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Reforming the Structure of Floridas Accountability System Es

Reforming the Structure of Floridas Accountability System Es

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Published by: National Education Policy Center on Aug 13, 2013
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Executive Summary 9.1
Education Policy Research Unit
Reforming the Structure of Florida’s Accountability System
Sherman Dorn
University of South Florida
Executive Summary
The legal definition of Florida’s public education system includes its local publicschools, charter schools, voucher schools, and schools contracted to provide special-education services. The constitutional mandate for a “uniform, efficient, safe, secure, andhigh-quality system of free public schools” suggests that the expectations of a high-quality education should be the same for all schools receiving aid from the state.Considering the recent controversy over the accountability of private schools given public funding—the voucher schools in the state’s four voucher programs—a scrutiny of Florida’s accountability system is timely. This review includes a comparison to theconstitutional mandate and a description of how it applies to the different schoolsreceiving direct and indirect aid from state policy.This brief explains why accountability is a common public expectation today; itdescribes what is new in Florida’s accountability policies since 1999; and it comparesthose policies to the national mandates in the No Child Left Behind Act. The explicitvalue of Florida policies is described here; the state Department of Education’simplementation of the accountability policies is explicated, as is the applicability of the
Executive Summary 9.2 policies to different types of schools receiving direct and indirect aid from the state. The brief finds both benefits and areas of concern in the current accountability policy, when itis looked at as a set of structures.
Florida policy sets positive expectations for children. Florida’s officialassessment and accountability policies affirm children’s rights to a high-quality education.2.
Florida’s accountability policy is an extension of adult experiences ineducation. Florida’s official assessment and accountability policies dovetailwith the experiences of adults in the state.3.
Florida has had a practical testing program since before 1999. The original(1995 and 1996) design of the FCAT would have allowed it to be a reliableguide to student achievement over the years—had it not been used as a basisfor so many consequences.
Areas of Concern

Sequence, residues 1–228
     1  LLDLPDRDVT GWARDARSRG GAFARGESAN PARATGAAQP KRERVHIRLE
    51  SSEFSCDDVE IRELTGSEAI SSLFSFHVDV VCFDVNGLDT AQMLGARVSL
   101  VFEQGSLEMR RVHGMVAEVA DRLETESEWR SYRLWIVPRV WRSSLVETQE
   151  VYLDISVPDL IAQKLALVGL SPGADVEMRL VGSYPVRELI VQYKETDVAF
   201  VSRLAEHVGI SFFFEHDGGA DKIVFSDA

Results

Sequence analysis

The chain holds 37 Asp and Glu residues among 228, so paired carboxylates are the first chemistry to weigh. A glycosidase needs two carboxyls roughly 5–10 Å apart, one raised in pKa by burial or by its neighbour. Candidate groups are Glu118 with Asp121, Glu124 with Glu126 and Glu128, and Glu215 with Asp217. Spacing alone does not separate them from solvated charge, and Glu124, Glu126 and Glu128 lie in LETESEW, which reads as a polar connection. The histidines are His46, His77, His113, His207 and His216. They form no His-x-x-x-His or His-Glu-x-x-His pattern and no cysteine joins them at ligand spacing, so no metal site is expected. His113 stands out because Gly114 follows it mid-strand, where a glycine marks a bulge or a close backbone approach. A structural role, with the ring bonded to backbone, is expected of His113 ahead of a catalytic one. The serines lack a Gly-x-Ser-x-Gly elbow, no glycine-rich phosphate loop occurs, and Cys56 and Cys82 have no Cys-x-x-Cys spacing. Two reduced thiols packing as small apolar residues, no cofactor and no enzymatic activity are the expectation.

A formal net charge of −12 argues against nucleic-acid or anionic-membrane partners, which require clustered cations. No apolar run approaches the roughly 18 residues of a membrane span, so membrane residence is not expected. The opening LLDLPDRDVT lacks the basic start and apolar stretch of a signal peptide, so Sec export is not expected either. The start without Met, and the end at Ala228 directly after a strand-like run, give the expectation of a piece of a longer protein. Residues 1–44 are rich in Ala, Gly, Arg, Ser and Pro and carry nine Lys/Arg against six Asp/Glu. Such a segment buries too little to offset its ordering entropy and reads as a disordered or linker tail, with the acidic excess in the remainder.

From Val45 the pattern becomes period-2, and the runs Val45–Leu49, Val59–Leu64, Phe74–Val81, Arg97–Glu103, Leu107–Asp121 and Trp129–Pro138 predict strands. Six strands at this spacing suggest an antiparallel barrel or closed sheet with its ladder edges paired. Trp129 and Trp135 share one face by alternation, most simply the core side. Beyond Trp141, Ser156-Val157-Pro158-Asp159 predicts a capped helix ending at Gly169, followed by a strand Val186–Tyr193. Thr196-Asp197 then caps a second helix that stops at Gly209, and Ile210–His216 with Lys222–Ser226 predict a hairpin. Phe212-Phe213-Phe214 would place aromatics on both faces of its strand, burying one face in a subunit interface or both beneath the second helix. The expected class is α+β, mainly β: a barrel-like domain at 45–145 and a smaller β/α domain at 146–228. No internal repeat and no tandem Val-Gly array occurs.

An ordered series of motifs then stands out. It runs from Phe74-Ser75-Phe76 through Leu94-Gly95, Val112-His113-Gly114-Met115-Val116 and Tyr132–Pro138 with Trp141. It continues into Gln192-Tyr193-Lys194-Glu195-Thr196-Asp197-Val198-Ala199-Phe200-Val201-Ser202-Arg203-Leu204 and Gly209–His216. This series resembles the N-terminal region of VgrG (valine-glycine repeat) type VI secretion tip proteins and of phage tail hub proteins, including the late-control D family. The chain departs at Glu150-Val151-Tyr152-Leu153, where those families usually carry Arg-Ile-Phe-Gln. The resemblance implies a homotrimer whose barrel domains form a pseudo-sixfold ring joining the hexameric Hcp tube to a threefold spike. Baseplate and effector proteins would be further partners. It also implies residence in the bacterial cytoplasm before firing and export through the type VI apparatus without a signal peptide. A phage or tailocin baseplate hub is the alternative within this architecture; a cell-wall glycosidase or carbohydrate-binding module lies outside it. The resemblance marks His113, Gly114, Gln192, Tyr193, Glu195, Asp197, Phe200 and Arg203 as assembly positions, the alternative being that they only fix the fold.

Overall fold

Florida does not hold all publicly-aided schools to the same standards.Because all schools receiving financial aid are part of the “free publiceducation” system under Florida’s constitution, the existence of different rulesfor different types of schools constrains parents, and the state from makingaccurate and fair comparisons among tax-supported schools in Florida.2.
Florida has frequently-changing and obscure accountability rules. Thestandards for grading Florida’s local public and charter schools have changed
Executive Summary 9.3frequently and are not clear, or easily understandable, to either educators or the general public.4.
Florida relies on one set of measures for all accountability consequences.Florida’s accountability system relies on a snapshot of student performancefor multiple purposes.5.
Florida keeps test items secret after the end of testing each year. Test securitymust be balanced against the need for transparency so that the public canensure that tests, especially those carrying high stakes, are accurately scored— and that they validly measure what they purport to measure.
Create a uniform system of accountability that allows the accurate assessmentof, and comparison among, all schools receiving direct or indirect financialaid from the state.2.
Redesign Florida’s accountability regime so that the FCAT and other testresults are used in a professionally-validated manner as described in the
Standards for Educational and Psychological Testing 
, published jointly by theAmerican Educational Research Association, the American PsychologicalAssociation, and the National Council on Measurement in Education.3.
Release the test items on the FCAT test each year for public review (andcomment).
The foregoing is a summary of a policy brief in the report
 Reform Florida
(Education Policy ResearchUnit, April 2004). The complete policy brief is available on the Education Policy Studies Laboratory(EPSL) website at:http://www.asu.edu/educ/epsl/EPRU/documents/EPSL-0401-106-EPRU.doc 

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